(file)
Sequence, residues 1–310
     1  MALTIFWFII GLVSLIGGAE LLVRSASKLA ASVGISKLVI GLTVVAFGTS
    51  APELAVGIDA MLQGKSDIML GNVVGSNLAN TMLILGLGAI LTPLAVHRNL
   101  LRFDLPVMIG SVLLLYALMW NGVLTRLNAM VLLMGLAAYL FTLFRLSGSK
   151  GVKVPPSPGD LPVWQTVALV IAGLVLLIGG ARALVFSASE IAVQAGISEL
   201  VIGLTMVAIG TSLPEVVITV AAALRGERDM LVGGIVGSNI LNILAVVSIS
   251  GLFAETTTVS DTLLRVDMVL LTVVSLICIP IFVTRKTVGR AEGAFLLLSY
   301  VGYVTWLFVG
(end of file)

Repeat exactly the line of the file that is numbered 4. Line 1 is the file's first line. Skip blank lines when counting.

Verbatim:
   101  LRFDLPVMIG SVLLLYALMW NGVLTRLNAM VLLMGLAAYL FTLFRLSGSK